Written By: Adrian Boysel

Why did you start your small business? For passion, for money, or both?  Truth be told, most entrepreneurs have a dream to not just do what they love but want get paid handsomely to do it.

Are you currently, or have you in the past been faced with making a decision that may compromise the future and control your passions, dreams, and small business?  I have on multiple occasions, and my first time making this decision could have cost me my dreams of being an entrepreneur.  I hope the ideas and strategies from this article will shed some light and give you some qualified advice on how to make the right choice.  For some, these decisions will be easy to make, and for others, not so easy.  Is your business providing a roof over you or your families heads, do you have employees working for you that depend on your leadership to secure their career with your company?  These are just a few of the questions you may ask yourself when deciding to take on investors, sell your business, or bring on a partner.  Can you afford to risk losing your income, or eventually lose a business you’ve risked everything for to start?  If you are like me, then you have put in blood, sweat, and tears to see your business succeed.  Letting a wanna be big shot with a checkbook just waltz in and start telling you how you should run YOUR business, or tell you that it is flawed and not running right is not a place that you ever want to end up.  Here’s my story of how I was taken by a greedy investor myself:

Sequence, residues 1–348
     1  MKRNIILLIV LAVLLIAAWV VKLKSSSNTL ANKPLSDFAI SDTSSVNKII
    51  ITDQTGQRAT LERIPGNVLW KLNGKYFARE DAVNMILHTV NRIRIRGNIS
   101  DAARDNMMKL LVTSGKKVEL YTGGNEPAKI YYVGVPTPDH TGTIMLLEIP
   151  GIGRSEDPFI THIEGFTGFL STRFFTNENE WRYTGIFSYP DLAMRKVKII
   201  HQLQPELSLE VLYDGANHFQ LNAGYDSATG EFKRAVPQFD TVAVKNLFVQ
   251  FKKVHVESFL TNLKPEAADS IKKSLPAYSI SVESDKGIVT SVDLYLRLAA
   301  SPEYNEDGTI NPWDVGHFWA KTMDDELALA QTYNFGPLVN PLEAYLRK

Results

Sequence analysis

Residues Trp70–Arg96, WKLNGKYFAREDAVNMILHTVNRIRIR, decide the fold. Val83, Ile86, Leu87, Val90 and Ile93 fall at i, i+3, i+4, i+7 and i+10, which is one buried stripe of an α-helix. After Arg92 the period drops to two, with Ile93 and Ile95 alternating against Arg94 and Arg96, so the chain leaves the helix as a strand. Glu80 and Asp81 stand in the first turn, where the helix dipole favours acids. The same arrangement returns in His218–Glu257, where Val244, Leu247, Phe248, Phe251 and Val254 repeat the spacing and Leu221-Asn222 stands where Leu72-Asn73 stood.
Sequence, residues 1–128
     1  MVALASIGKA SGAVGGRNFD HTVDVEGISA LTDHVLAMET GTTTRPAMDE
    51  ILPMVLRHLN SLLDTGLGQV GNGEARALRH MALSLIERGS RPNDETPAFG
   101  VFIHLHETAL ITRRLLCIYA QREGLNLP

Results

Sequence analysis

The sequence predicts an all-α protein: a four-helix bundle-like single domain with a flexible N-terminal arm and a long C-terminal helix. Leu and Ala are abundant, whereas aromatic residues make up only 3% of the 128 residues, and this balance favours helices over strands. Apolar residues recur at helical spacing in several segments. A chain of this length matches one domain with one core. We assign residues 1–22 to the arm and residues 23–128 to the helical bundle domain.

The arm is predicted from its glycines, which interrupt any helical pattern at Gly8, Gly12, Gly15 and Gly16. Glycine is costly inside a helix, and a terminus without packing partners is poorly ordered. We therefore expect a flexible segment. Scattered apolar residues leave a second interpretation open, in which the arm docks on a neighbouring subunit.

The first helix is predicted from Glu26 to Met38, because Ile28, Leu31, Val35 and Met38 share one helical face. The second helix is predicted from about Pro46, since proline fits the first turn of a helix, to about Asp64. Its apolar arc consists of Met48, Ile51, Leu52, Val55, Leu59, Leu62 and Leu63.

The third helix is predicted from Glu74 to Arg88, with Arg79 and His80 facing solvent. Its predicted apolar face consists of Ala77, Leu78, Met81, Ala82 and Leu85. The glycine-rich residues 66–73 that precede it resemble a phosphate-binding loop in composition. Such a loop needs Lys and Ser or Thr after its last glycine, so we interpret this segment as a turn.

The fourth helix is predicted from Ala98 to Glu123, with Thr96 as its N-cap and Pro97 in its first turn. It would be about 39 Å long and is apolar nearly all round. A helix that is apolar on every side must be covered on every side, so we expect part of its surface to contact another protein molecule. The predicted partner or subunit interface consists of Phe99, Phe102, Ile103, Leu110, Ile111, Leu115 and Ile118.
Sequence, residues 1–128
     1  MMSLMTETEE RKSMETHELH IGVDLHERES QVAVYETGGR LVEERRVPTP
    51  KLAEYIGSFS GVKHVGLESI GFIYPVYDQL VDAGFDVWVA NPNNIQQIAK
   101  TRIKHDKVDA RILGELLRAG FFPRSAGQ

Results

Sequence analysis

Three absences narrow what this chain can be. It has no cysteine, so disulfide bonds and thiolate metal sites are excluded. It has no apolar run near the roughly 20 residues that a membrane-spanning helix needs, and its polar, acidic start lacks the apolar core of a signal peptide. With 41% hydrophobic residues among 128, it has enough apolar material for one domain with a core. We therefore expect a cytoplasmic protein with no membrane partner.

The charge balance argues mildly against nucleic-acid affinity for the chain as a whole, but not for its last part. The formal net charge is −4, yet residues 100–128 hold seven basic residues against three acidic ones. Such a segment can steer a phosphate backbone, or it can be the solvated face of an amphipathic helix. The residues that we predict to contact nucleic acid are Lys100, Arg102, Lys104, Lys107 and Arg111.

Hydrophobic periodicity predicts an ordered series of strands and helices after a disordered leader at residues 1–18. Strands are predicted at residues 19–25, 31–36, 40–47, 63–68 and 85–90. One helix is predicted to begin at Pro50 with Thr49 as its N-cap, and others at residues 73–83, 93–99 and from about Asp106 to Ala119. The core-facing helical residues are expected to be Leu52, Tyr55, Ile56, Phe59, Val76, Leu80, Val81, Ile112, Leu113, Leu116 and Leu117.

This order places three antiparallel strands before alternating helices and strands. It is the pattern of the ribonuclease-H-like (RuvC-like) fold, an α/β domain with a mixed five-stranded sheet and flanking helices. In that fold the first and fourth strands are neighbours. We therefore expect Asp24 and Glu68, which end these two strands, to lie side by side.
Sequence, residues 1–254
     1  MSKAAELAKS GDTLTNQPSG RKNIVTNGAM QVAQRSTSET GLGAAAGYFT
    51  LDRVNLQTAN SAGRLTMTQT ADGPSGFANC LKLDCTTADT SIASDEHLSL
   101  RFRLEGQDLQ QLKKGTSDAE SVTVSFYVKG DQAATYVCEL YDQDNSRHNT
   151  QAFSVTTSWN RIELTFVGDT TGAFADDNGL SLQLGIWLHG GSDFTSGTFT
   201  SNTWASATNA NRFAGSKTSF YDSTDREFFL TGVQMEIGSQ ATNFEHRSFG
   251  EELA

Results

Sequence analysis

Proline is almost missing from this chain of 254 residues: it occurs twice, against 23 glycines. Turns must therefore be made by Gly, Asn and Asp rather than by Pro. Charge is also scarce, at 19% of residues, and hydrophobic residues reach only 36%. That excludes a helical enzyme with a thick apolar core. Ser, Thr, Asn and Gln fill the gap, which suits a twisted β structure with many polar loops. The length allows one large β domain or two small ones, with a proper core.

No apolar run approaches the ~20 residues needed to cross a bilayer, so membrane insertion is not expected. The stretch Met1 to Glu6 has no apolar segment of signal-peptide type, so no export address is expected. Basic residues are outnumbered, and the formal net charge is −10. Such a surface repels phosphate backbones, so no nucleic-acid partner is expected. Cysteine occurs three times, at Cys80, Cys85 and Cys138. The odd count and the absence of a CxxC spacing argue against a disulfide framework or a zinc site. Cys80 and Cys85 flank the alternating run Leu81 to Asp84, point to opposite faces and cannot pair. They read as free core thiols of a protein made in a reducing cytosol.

In late 2007 I started a retail print, sign, and graphics store called Kalifornia Printing aka KalPrint.com located in Citrus Heights, CA.  By the end of 2010 I had moved my small operation from 650 Sq ft to over 3000 Sq Ft. in Midtown Sacramento just blocks from the capital.  We had over 3,000 happy customers, tens of thousands in equipment and we provided jobs for more than 10 people.  In April of 2011 I was approached by a former employer Randy who was also in the printing business but specialized in direct mail.  Randy talked about all the success he had and how he had all the resources he needed for his business under one roof.  He then offered to buy my entire company from me, while keeping it as my business and told me to put together a proposal for purchasing my Kalifornia Printing.  Randy said that he saw great potential in me and saw the vision I had for my brand that I had worked tirelessly to build. He went on to say he could see us taking KalPrint nationwide. He even went as far as putting stars on a map in his office of locations where he would want KalPrint facilities.  At this time my business, although profitable, was going through some real growing struggles.  My stress level was high, my liabilities were very minimal, but I was truthfully overwhelmed.  I thought at the time that this offer could be something really great. After all my hard work, I was more excited than I had ever been about the future of my company.  I wrote the proposal and emailed it over, within 3 days we met again and he had a contract written up with his counter offer and what he was willing to give me. Not one of my offers were met, in fact, I was offered a tenth of what I was asking for upfront, and half of my monthly salary that I wanted.  I felt at this point like I was stuck in a corner. I needed help. I could continue like I was with all the stress and wearing 12 hats, or take his offer.  So there I was, faced with a tough decision that would not only affect my life but the lives of everyone of my employees and customers.  Randy was offering to relieve me of all my liabilities, stress and give me the financial backing and resources I would ever need. It seemed like a no brainer at the time.  So I signed on the dotted line without taking some qualified legal advice first.  It was this decision that I would regret for a very long time!